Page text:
One of the current issues is the status of the “music” part of the SCLM. There are already concerns that “music” is an afterthought in the current composition of the Commission. For instance, I can hold down a bass part in a choir pretty well, but that doesn’t make me a church musician by any stretch of the imagination. Too, I am one of the few advocates for “traditional” church music on the Commission. My fear is that adding “Theology” to the Commission’s title and purview will even further dilute musical representation on the Commission. If the “music” roles are headed by one or two people, then their perspectives—whether representative or not of what the church wants or needs—will be magnified in policy-making decisions.

Second, what will the selection criteria for the Commission look like going forward? Will the addition of “Theology” in the name mean a further shift in the composition and role of the Commission? Will we be looking for musicians, liturgists, sacramental theologians, dogmatic theologians, or people who are somehow all of the above? There are many gifted, well-trained, sacramental theologians who cannot be depended upon to draft a decent collect. There are skilled liturgists who would be clueless if directed to point the new EOW canticles for Anglican chant. Are too many roles being consolidated in one Commission?

Perhaps TREC’s idea is not necessarily to change anything about the Commission, only to underscore the relationship that liturgy and theology should have in the Episcopal Church. But look at what the SCLM has produced recently. How do we judge the theological content and implications of Holy Women, Holy Men and Daily Prayer For All Seasons? Have theological deliberations been done carefully and well here? I’d like to think that my subcommittee has been intentional in addressing and articulating issues of theology in the creation of “Great Cloud of Witnesses” (which you’ll get to take your potshots at when the Blue Book reports are made public), but there’s still quite a lot not said and not done here.

While I appreciate the weight placed on the Commission’s work, I find myself wondering if this is a good idea…

Original Pronunciation and the Prayer Book

On Sunday at church we sang “Come, O Come, Emmanuel.” As is often the case, I was struck by the couplets of the fourth verse:

O come, Thou Key of David, come,
And open wide our heavenly home;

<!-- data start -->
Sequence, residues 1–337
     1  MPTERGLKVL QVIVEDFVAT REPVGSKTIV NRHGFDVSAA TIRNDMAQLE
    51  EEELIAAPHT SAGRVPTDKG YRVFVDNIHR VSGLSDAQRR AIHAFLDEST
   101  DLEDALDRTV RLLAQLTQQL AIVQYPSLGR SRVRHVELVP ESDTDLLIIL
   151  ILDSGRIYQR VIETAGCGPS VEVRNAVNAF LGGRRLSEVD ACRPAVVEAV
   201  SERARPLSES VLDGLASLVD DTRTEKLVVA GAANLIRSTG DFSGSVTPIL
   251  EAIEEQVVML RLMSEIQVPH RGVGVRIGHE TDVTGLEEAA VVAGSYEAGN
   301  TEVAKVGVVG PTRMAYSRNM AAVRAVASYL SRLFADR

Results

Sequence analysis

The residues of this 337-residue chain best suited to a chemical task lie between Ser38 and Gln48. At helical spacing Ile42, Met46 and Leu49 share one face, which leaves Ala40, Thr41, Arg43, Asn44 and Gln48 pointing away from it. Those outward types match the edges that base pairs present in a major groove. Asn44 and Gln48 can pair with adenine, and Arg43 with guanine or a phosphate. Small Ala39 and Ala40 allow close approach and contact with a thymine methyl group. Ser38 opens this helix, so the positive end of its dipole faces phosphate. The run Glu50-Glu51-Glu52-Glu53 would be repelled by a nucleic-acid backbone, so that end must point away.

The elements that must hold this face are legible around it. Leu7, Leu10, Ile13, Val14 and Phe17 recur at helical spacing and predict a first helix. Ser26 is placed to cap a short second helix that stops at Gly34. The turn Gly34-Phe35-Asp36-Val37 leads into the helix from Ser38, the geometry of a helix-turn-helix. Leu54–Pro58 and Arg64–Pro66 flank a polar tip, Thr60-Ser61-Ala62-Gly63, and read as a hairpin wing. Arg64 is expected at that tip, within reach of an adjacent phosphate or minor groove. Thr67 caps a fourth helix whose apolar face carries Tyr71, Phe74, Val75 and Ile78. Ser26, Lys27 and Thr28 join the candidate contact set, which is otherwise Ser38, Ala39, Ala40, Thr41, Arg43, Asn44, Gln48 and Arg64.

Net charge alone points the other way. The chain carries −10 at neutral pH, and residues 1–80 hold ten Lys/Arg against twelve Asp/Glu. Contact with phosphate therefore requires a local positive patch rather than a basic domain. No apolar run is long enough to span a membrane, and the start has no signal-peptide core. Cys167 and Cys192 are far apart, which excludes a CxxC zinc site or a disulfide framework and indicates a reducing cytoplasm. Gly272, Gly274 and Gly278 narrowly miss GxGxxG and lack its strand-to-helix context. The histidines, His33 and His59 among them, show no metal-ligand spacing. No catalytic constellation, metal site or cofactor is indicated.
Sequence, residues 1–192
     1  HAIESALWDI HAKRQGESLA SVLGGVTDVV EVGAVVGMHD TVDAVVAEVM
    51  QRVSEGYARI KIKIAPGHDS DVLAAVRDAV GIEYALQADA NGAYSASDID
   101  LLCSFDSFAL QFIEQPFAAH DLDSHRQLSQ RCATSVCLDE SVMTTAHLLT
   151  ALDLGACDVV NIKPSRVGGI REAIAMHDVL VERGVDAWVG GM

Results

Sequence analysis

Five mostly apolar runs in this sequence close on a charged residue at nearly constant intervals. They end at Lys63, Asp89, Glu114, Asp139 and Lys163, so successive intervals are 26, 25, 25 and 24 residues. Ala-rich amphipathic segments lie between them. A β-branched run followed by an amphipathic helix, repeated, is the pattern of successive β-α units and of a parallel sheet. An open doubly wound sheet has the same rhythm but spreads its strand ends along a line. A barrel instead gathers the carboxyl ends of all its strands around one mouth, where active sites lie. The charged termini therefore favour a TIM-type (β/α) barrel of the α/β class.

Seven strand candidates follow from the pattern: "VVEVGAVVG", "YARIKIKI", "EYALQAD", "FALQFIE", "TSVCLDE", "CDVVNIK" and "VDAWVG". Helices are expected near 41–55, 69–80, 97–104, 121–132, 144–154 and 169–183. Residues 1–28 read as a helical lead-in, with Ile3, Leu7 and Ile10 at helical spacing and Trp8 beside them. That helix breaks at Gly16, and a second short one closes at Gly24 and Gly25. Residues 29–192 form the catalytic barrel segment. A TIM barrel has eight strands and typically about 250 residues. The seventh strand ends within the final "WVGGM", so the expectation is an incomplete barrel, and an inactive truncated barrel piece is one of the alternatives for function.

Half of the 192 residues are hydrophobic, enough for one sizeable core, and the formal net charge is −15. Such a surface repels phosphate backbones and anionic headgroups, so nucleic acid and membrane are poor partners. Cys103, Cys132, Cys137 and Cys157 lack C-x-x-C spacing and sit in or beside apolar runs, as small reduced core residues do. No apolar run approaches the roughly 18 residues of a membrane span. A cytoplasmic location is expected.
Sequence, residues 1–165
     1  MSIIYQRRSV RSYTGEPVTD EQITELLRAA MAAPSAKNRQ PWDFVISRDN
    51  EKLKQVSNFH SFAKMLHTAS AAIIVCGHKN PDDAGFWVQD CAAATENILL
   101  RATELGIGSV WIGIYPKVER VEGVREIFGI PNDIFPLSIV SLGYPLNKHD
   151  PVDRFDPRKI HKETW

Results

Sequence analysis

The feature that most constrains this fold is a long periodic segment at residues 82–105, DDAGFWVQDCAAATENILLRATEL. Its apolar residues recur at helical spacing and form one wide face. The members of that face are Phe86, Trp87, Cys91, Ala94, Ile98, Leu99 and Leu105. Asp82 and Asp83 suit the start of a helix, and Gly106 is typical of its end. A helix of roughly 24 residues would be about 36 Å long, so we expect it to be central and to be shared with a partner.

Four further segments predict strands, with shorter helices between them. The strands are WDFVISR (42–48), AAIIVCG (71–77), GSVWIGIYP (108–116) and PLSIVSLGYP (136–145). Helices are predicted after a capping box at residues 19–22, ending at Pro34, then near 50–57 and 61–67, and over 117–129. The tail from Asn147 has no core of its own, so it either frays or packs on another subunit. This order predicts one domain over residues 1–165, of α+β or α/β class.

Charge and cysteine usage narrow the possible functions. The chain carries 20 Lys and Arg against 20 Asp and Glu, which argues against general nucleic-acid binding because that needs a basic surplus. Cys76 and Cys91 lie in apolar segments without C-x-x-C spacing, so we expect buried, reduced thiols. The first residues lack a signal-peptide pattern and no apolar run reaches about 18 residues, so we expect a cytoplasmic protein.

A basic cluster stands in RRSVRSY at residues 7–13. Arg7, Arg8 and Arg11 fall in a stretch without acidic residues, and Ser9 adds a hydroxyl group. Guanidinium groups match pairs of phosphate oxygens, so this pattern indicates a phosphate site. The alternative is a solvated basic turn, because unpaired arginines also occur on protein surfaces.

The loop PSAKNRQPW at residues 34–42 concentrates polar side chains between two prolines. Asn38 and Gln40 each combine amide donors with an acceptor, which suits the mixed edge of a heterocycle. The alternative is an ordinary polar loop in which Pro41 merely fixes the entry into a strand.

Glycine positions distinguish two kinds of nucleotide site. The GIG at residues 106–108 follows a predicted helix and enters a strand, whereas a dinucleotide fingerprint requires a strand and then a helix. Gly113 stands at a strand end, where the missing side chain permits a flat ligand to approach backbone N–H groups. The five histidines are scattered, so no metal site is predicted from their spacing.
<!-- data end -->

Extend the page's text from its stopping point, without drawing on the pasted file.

Make safe the way that leads on high,
And close the path to misery.
Rejoice! Rejoice! Emmanuel
Shall come to thee, O Israel.

The first two, “come/home” look good on paper but don’t rhyme in American mouths. Even worse is the second pair: “high/misery.” We have to conclude one of three things.

First, the twentieth century approach to classical hymnody being what it is, maybe somebody has fiddled with the words. Second, John Mason Neale didn’t know what he was doing and flubbed the rhyme. Third, there’s an entirely different way of pronouncing English from what your average Baltimore congregation sings, and this hymn assumes those sounds rather than what I was hearing.

In regard to the first, no—not this time. In regard to the second,  John Mason Neale won medals for his poetry at Cambridge and is one of the best translators of hymns of his day; incompetence is likely not the answer. That leaves us with the third and to the video presentation of the day… I ran across this a little bit ago and was greatly intrigued by it. It’s a short video on the Original Pronunciation of Shakespeare’s English. Clearly, this wasn’t the  tongue that Neale was writing in (as he was a couple of centuries later), but the mention of rhyme as a means for getting a feel of the language jumped to mind when we hit the fourth stanza yesterday.

What this does move me to consider is the pronunciation of the texts from the first English prayer books. What sort of rhymes and other forms of assonance do we miss because we read through it in our English rather than theirs? The same, of course, is true of the King James Bible of which we are told that Blessed Lancelot Andrewes and others read their work out loud to test the sound of it before making final decisions?

No point to make, just a shift in perception…

Breviary Updates

Holiday-based stress is in high gear; lots of extra rehearsals for the older daughter for Nutcracker which will simultaneously occur and finish over the weekend.

I need to start writing here more and will try and be more intentional about that… I think my chief problem is tat I keep trying to do huge topics which then never get finished to the degree I’d like. Perhaps shooting for bite-sized might work better…

The breviary was down a little bit at the beginning of the week. I had to do some surgery on some critical files and make sure the lectionary was functioning properly. That’s all in good working order now. I also solved the persistent problem around preferences and iDevices that had popped up since I added the RSV.

Additionally, I also put into place the first-fruits of collaboration with the Anglican Breviary project: the antiphons on the psalms are now “of the season.” Look for more fruits of collaboration as time becomes more available…

There were also a few cosmetic changes with the .css files. I continue to not be satisfied with the aesthetics of the breviary. I have a vision, but haven’t achieved it yet.